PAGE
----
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On 29 March 2010, the French medical device regulatory authority (AFSSAPS) informed MHRA that it had suspended the marketing, distribution, export and use of silicone gel filled breast implants manufactured by Poly Implant Prosthèse (PIP), a French breast implant manufacturer.
Following an inspection of the PIP manufacturing plant, AFSSAPS had established that breast implants manufactured since 2001 had been filled with a silicone gel with a composition different from that approved.
On 31 March 2010, MHRA issued a medical device alert advising UK clinicians not to implant these devices.
Initial toxicology testing
In April 2010, AFSSAPS initiated testing of affected implants to look at the genotoxicity (potential for cancer), cellular toxicity and irritation to biological tissues. In addition, mechanical testing of the implant shell was carried out.
At the end of June 2010, AFSSAPS told the MHRA of delays to their product testing. MHRA decided to commission a specific series of tests on PIP silicone. These were the Ames tests that measure the genotoxic activity of chemicals. The results of these tests were uniformly negative, as were other subsequent tests of PIP silicone for genotoxicity conducted elsewhere.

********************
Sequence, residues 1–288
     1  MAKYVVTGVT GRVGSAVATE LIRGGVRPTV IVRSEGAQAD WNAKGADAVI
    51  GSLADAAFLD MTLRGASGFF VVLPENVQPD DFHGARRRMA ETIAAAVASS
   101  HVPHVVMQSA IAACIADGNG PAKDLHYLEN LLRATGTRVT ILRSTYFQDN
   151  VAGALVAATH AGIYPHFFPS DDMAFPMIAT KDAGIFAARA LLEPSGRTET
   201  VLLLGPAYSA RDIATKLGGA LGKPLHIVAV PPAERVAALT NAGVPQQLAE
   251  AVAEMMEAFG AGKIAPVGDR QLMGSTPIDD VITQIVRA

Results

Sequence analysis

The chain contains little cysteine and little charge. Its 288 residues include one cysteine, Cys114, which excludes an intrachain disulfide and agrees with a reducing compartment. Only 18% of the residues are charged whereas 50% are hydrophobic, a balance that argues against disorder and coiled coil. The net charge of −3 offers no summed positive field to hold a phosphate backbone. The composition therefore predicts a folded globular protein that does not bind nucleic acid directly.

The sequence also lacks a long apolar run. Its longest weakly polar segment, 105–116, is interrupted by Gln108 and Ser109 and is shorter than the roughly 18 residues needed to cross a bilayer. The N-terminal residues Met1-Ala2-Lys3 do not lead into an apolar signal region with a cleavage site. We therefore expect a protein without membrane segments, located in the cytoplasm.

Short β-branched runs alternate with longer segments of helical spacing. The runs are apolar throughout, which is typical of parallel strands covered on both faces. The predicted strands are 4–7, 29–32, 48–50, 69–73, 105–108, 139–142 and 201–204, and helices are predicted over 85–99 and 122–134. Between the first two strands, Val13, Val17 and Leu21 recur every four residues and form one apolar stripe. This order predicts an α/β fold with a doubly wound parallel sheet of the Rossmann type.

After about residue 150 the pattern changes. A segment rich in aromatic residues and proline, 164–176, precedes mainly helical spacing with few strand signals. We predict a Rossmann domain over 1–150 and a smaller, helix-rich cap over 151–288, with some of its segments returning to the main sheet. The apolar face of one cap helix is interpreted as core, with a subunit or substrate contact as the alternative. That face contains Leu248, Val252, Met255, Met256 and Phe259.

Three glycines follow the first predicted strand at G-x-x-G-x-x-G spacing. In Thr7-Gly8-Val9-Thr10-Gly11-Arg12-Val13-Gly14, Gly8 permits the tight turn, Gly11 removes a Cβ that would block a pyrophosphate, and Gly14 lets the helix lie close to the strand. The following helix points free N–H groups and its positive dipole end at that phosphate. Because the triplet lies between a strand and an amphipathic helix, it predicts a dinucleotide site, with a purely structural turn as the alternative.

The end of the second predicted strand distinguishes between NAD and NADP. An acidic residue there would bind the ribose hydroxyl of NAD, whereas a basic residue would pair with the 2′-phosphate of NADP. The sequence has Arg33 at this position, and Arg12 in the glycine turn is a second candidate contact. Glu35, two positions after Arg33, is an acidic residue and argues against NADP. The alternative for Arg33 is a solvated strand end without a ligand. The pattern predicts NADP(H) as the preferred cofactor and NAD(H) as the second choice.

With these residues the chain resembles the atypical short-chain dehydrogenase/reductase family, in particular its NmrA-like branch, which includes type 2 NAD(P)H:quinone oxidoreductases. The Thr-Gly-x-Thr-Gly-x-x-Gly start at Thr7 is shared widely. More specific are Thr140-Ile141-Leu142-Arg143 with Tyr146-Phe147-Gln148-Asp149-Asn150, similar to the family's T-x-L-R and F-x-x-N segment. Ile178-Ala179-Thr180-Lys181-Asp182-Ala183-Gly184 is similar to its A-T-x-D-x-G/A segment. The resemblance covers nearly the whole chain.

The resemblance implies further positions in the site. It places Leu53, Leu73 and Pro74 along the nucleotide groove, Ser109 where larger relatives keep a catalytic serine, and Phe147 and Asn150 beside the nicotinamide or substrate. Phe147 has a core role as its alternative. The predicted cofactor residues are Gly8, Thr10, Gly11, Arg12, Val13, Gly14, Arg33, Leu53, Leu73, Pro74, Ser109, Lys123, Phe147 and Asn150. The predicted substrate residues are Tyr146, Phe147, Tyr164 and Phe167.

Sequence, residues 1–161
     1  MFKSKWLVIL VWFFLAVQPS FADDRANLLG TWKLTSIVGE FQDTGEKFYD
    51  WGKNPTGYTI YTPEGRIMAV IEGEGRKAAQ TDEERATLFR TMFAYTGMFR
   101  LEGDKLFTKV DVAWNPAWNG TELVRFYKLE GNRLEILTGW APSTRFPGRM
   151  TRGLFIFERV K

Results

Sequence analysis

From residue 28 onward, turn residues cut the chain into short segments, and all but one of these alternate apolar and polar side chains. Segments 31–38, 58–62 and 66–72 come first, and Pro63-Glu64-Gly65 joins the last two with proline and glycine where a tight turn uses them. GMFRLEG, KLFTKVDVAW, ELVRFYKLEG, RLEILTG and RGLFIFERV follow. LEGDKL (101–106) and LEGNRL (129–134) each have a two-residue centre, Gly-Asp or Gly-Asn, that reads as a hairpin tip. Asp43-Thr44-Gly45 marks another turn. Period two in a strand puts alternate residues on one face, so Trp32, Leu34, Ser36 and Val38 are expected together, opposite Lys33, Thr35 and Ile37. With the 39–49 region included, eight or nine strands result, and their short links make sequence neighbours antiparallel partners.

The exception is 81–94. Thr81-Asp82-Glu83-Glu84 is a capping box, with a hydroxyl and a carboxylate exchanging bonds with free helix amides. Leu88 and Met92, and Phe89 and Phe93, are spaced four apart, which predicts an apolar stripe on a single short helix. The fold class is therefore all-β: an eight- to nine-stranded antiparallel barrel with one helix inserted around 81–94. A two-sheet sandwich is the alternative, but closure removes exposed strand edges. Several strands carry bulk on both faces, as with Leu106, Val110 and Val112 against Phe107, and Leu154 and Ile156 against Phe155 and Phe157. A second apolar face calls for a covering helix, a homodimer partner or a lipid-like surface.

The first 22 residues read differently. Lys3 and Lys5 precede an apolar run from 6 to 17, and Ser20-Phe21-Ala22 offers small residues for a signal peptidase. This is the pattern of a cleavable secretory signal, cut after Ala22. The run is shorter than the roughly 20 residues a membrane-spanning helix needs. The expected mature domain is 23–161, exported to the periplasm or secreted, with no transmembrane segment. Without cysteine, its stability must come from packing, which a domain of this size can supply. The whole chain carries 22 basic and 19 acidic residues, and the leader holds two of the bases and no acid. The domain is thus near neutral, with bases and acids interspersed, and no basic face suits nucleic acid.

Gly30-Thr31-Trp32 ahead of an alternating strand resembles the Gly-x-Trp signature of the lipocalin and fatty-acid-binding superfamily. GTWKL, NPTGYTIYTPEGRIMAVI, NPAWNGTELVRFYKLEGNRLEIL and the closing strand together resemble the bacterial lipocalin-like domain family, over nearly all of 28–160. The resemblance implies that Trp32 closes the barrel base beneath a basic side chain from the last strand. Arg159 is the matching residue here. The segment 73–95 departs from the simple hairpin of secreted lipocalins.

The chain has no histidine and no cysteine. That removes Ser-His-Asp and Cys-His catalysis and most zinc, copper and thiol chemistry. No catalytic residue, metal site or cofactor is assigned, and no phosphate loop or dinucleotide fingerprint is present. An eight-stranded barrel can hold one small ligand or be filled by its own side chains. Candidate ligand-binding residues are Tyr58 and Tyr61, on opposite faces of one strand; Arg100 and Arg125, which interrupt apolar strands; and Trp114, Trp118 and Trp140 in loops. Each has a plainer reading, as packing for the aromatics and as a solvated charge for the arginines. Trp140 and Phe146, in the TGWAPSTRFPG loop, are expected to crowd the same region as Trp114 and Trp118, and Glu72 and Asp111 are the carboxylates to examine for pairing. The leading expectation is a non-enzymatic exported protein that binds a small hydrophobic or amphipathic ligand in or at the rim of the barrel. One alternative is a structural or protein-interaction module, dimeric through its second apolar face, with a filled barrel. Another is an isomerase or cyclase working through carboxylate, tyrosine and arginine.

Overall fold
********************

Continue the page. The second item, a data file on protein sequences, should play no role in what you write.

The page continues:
To facilitate the Ames tests, organic extracts of the silicone within PIP breast implants were prepared of the silicone within PIP breast implants. Analysis of these organic extracts did not raise any concerns regarding risks to human health.
See the results of the UK testing.
Analyses of the silicone contained in PIP breast implants indicates that the material does not pose a long-term risk to human health. None of the chemicals listed will cause harm at the levels found within PIP breast implants and many are used routinely in various consumer products.
Expert group review
On 31 December 2011, the Secretary of State for Health asked the NHS Medical Director to launch a review into the PIP breast implant situation by leading an expert group. This was in response to the French government announcement on 23 December 2011 that it was recommending that all women who had been implanted with PIP breast implants should have them removed as a preventative measure.
On 4 January 2012, the expert group requested a rapid collection of data from implanting centres of readily available information on the rupture rates of PIP breast implants and three other common makes of silicone gel filled breast implant.